"On my perfect holiday,
I won't need my hands to say,
I'm breaking out. I don't care.
That's my holiday."

Saturday, March 5: Carlson Crossing to Innoko. "Into Chicago" by Ace Reporter. In this song there's a line that probably says, "I thought we would die, somewhere in an echo," but I heard it as "I thought we would die, somewhere in Innoko." I never stopped believing that Innoko would kill me. A year earlier, when Beat passed through this region, there was three feet of untracked snow, and temperatures neared 50 below. My passage was much friendlier, a cause of much bemusement. Eventually I made minor changes to the lyrics of this song and sang it out loud frequently:

"I'm oblivious, trust me. 
I am surrounded by squalor. 
There's no bridge across overflow, 
and it freaks me out.
I have a list of confessions.
I confess I don't read them.
I have the qualities of a lazy mind,
Someone who plays at life. 
And I'm alive, but I'm quite surprised!
I thought we would die, 
Somewhere in Innoko."


Sunday, March 6: Innoko to Poorman, "Perfect Vision" by Icky Blossom. Occasionally I would imagine myself in an alternate universe — sitting on a couch, staring blankly at a television, and daydreaming about this strange reality that I was actually in. A dreamy song about "nothing to do but get high in the afternoon" allowed me to travel between these universes freely.

"A winter reprieve 
Pushing on me
Keeping right there
Keep me aware 
Snow on the ground
All over town,
All over town,
My bicycle is spinning around."

Monday, March 7: Poorman to Ruby. "Ansel" by Modest Mouse. This was my shortest day, time-wise, of the entire trip. It was also the one in which I was the most exhausted. This fatigue brought back strong associations with the Tour Divide, and thus an album I listened to on repeat during that ride — "Strangers to Ourselves" by Modest Mouse. This song, which is a true story about Isaac Brock's brother dying in an avalanche, always resonated because it evokes the uncertainty in all things.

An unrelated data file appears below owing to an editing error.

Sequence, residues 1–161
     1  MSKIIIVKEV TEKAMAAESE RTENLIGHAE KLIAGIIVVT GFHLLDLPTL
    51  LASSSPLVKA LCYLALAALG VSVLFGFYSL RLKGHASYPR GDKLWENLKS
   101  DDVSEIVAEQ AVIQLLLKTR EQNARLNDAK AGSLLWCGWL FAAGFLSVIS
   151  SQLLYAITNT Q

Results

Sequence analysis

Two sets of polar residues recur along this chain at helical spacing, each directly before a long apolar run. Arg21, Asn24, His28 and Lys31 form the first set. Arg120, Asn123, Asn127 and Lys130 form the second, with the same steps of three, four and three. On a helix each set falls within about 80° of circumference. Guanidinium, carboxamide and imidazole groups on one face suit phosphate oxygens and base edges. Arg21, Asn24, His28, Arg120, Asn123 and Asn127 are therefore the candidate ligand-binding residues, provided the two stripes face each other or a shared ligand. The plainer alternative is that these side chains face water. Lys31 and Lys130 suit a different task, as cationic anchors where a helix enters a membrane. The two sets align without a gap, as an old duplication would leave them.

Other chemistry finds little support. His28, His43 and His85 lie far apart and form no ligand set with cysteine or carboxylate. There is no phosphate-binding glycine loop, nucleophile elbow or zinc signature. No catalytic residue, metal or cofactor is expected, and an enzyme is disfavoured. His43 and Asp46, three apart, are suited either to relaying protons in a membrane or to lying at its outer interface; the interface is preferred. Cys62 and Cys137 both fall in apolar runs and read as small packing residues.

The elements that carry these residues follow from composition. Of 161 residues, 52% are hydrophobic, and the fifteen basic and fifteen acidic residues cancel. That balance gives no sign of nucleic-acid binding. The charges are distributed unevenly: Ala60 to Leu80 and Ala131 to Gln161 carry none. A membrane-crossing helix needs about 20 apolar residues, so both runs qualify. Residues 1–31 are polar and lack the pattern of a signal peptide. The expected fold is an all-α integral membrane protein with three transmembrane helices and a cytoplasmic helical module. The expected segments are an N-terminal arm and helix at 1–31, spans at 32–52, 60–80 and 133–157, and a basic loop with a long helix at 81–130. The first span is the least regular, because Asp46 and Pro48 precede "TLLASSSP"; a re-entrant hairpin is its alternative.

"On gears around an uncaring sun
It doesn't know what it gave
As the bone moon winds 'round again
Again this allows one sphere's heart to pump
Pumping waves of hearts that come and go
And then come and then ..."

Tuesday, March 8: Ruby to Koyukuk. "Good for You" by Darlingside. This is a beautiful song that describes a sense of place. I was more or less alone across the Yukon River, and evenings brought an exquisite loneliness. I would think about "home." Colorado, California, Utah, and even this very spot in Alaska that I was seeing for the first time — a white plain stretching toward a pastel horizon.

"I stood above the Rocky Mountains,
Where Colorado touches New Mexico.
And I could see a hundred miles,
But I was many thousand miles from home."


Wednesday, March 9: Koyukuk to Kaltag. "Slow Down," Icon For Hire. I moved a lot slower on this day than my first on the Yukon, and it's always difficult to tell whether a hard day is due to snow conditions, or whether it's "me." I spent far too much time fretting that I didn't have the physical ability to propel myself to Nome, and pretending otherwise was a dangerous path. Concentrating on my breathing always helped, as did a reminder that "tomorrow holds no promises, except the ones we've made."

"Slow down. Just breathe.
All we have is all we need."

Thursday, March 10: Kaltag to Unalakleet, "Fantasy" by MSMR. The ride over the Kaltag Portage was my favorite day of the trip, and quite possibly my favorite day on a bike, ever. It's still difficult to describe why that is, but it was an incredible collision of beauty, awe, and joy.

"If I could force my heart, my eyes, my mind,
and eyes to get in line.
Maybe I'd find something real.
Not a fantasy so divine."